England: Part 2- Cotswolds and Bath

Since we didn’t want to start the driving part of our trip dealing with London traffic, we took a train to Reading and picked up our rental car there. Other than the fact that our GPS stopped working about 20 minutes after we left the rental car facility, we were driving on the wrong side of the road,  there are roundabouts everywhere (sometimes one right after another), and some two lane roads are really only one lane, everything went fine.

On the way to our next hotel in Thornbury, we stopped by Stonehenge.

Archeologists believe the site was constructed from 3000 BC to 2000 BC.

Each standing stone is about 13 ft high, 6 ft 11 in wide and weighs aboutd 25 tons.

The next photo was taken in the visitors center but shows how precisely the stones are aligned.

The stones are aligned to the sunset of the winter solstice and the opposing sunrise of the summer solstice.

Our lodging for the middle part of our trip was the Thornbury Castle. The building was begun in 1511 as a home for Edward Stafford, 3rd Duke of Buckingham. However Edward got crosswise with Henry VIII and was beheaded. Henry took over the property but only stayed here for a few days with Anne Boleyn, after which the castle fell into disrepair.

The castle is now a 26-room hotel and restaurant.

Wonder if Henry and Anne slept here?

A room with a cozy fireplace.

Cocktails before dinner.

One day we took a tour of the Cotswolds with a family run company, Secret Cottage Tours, named after the home of the owners. It was a great way to see the Cotswold countryside with a local guide and not have to drive!

Lorette in front of the Secret Cottage.

Local codes require that thatched roofs be kept.

The ‘cottages’ of former mill workers now sell for upwards of a million pounds.

Phone booths have been repurposed to become defibrillator stations.

Walking along a country lane.

A nice sunny day. The next day it was raining.

And the best thing about the tour: We started with tea and pastries, toured a little and came back to the cottage for a buffet lunch, toured some more, and concluded the day with a traditional Cotswold cream tea.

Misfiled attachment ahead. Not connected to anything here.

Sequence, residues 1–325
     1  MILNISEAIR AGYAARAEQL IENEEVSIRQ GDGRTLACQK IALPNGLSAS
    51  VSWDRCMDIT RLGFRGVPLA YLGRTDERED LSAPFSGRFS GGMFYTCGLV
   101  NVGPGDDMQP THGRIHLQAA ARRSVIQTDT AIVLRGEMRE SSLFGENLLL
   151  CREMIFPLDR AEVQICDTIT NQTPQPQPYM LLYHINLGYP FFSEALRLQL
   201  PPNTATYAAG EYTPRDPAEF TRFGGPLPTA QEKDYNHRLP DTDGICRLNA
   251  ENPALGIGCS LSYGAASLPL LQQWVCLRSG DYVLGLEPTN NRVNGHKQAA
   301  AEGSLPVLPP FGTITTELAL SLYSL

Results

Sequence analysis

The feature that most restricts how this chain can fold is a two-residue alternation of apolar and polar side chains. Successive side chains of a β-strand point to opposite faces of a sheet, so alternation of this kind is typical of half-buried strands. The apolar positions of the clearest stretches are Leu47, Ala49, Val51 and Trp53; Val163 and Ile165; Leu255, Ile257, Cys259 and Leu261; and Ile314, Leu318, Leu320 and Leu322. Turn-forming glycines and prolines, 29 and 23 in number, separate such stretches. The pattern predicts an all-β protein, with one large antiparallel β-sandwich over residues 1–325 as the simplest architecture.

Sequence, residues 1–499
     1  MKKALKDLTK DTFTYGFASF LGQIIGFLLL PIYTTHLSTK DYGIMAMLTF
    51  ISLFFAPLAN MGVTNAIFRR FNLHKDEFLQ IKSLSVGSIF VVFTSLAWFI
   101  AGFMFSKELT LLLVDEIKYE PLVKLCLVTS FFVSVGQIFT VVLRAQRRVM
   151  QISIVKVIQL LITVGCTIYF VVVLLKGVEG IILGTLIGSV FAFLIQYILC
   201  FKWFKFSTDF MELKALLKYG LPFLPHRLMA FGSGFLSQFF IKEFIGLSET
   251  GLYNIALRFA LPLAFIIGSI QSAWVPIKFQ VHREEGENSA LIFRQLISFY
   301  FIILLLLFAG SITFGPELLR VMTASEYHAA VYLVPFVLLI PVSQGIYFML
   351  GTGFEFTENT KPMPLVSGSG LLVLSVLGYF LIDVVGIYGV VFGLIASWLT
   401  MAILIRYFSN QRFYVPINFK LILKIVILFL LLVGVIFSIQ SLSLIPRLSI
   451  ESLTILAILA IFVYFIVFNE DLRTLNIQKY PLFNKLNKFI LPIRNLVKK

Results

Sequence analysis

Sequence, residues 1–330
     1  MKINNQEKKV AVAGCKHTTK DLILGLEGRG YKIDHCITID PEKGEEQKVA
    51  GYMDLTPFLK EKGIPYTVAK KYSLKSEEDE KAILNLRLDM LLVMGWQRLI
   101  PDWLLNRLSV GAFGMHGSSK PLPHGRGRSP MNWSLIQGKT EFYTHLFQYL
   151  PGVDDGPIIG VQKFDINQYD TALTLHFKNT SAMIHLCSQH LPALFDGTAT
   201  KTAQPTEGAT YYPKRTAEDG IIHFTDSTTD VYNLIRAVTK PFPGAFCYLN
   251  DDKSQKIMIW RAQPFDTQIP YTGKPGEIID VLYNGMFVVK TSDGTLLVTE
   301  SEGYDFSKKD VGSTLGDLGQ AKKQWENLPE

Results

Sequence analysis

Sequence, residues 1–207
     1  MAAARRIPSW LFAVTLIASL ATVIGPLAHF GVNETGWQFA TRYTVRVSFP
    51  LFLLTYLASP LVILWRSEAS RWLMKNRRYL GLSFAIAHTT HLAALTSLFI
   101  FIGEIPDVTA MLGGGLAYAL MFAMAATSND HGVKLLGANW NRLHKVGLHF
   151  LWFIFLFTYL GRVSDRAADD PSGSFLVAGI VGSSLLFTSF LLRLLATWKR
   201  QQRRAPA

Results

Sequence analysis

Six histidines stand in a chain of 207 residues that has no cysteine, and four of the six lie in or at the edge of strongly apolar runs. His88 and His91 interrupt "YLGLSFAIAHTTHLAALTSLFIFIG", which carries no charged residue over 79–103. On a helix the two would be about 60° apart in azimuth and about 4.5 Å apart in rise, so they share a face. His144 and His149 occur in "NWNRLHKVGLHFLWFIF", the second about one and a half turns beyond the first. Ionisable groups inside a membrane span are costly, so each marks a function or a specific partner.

The other highlight of this part of the trip was a visit to Bath. The city became a spa in 60 AD  when the Romans built baths and a temple here to take advantage of the natural hot springs.

The museum has done an exceptional job of preserving the history of the place and uses photographic projections to recreate scenes of how the various rooms were used.

The water is still 115 F.

Another major attraction in Bath is the Cathedral, Bath Abbey.

Impressive fan vaulted ceiling created in the 1500s by the king’s master masons.

In the late 1500s memorials stared to be placed on the abby’s walls,

Some of the more than 1,500 memorials.

Next stop: Cornwall.





England: Part 2- Cotswolds and Bath — 3 Comments

  1. We love being able to travel vicariously through you guys to exotic places. The fan ceiling at the Bath Cathederal was stunning. So unlike anything I’ve ever seen; words alone would have fallen short to accurately describe the design or impact on the viewer. A code that requires thatch is impressive, but repurposing phone booths as defib stations is cause to celebrate modern day creativity.
    Thank you for sharing your photos and commentary.

  2. Felt like taking the trip with you. Beautiful pictures and commentary. England feels like home to me, and we have especially enjoyed Devon several times.